#75

I should have read your reply first before replying back to vivi, since you pretty much said the same thing as me already. :slight_smile:


Who Are You Missing! Who is gone (serving) for 2 years or due back soon!😭
#76

I think I sometimes forget how complex the use of Korean familiar terms is until I see comments in this forum. By the way, I think you are wonderful at explaining Korean language and culture.


#77

Happened in “Doctor Stranger”. Although in that particular case, the tomboyish girl was secretly in love with the charming doctor.


#78

Bonjour,
j’étudie le coréen depuis plusieurs mois, via la méthode de korean dream.fr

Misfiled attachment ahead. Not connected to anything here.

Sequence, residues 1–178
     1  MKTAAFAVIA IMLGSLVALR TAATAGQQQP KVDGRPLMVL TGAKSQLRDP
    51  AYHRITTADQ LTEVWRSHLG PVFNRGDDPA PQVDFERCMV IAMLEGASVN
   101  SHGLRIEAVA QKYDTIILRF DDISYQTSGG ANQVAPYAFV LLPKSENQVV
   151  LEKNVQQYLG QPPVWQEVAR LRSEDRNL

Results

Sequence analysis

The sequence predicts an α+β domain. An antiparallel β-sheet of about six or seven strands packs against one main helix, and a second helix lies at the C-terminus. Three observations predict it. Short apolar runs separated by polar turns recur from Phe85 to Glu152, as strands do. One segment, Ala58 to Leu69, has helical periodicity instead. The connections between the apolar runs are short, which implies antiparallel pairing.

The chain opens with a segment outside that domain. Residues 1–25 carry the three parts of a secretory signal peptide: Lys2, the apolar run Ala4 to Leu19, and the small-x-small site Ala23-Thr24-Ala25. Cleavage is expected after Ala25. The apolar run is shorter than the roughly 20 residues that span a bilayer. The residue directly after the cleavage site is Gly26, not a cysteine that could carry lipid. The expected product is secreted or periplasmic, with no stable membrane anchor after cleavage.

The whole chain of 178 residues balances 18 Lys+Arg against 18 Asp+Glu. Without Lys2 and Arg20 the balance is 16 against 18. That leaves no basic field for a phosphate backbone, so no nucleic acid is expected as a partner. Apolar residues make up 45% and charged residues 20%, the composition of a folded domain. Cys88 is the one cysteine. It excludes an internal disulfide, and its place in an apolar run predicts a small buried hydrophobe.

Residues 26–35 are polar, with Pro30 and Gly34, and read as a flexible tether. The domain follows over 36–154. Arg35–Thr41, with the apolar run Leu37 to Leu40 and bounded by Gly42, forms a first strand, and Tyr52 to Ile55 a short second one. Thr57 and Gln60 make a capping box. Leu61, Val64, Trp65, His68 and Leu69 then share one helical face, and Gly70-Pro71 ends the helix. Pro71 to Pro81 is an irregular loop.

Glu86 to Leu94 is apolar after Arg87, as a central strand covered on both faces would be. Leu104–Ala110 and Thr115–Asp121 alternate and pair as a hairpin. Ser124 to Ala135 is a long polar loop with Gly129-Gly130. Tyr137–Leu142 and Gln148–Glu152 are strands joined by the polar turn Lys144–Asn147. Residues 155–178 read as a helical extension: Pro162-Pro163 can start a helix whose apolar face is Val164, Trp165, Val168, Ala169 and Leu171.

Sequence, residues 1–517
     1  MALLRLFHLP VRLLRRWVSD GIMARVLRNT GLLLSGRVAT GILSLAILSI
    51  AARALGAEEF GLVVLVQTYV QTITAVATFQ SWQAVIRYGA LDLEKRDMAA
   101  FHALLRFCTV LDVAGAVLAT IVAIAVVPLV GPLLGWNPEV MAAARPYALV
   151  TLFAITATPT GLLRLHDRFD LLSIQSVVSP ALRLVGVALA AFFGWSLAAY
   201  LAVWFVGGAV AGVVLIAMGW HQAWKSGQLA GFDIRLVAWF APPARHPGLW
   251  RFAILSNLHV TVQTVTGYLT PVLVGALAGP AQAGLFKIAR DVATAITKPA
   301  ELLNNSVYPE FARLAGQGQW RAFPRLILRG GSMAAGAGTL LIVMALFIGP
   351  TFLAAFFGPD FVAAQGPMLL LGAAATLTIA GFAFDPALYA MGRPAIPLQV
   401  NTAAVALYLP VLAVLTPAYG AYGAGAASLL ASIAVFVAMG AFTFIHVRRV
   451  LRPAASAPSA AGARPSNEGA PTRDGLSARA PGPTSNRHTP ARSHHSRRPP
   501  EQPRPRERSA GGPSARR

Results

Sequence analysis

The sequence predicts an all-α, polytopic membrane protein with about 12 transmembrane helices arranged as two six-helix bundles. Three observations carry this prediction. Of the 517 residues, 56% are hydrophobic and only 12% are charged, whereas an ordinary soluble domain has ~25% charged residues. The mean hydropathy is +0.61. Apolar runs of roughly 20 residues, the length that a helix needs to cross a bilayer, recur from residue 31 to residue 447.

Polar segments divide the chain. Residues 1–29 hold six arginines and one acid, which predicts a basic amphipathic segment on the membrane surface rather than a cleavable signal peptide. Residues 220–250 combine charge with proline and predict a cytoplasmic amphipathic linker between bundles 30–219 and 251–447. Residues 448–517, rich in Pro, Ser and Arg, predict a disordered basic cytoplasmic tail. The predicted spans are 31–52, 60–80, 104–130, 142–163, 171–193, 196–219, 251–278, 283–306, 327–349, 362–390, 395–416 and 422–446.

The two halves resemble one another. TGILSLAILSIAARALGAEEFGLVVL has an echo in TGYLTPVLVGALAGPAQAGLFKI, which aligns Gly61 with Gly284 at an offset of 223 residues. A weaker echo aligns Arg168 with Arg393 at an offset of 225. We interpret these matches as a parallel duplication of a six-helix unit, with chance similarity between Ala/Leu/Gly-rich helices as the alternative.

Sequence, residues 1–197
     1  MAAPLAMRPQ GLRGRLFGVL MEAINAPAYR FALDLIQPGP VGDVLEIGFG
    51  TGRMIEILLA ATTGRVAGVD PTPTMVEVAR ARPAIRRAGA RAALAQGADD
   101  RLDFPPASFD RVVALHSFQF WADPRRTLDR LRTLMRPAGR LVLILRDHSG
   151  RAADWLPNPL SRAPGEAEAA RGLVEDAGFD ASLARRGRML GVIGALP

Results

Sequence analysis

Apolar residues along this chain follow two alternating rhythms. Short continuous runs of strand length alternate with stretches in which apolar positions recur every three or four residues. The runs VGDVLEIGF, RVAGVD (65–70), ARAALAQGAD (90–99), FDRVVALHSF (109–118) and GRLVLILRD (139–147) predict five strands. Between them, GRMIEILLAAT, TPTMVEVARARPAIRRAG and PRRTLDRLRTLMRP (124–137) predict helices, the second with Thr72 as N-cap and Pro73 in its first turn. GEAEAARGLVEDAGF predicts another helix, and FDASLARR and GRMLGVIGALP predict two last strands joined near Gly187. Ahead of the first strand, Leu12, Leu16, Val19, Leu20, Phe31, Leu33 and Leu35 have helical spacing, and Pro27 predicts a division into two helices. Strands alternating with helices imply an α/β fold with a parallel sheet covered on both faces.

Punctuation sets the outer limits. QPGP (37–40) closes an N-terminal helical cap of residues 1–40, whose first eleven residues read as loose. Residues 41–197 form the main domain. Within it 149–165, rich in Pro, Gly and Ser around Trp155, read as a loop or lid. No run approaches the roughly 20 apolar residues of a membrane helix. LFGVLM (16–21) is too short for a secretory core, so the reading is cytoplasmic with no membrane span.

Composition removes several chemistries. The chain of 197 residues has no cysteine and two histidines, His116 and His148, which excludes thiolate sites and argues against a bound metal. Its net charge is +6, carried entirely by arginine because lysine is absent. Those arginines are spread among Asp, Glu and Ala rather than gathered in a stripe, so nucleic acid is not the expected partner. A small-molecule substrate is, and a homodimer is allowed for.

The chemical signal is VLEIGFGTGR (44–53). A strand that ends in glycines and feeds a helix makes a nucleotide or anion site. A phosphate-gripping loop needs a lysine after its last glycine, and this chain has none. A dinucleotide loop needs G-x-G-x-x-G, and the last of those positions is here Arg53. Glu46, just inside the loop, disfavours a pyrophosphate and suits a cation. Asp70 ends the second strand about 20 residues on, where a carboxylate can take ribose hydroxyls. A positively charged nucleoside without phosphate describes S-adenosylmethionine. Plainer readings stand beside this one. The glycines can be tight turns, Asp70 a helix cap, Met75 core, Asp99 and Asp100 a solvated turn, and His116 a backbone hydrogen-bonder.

Voici le lien
https://www.thekoreandream.fr/blog-coree-du-sud/category/apprendre-le-coreen/

En septembre 2021 je poursuivrai mes études au centre culturel coréen en Belgique


#79

I came across this video where she explains the reason herself.

#80

Yeah, I had watched this and thought maybe a lot of girls think this way, hence the doubt :sweat_smile:


#81

In case it has not been posted already, here is the link to the National Institute of Korean Language.

https://www.korean.go.kr/front_eng/main.do


#82

I have a question about learning Korean.
Do beginners learn first with hangul along with the pronunciation + definition written down, then progressively learn without the pronunciation written down or do they learn directly hangul without pronunciation?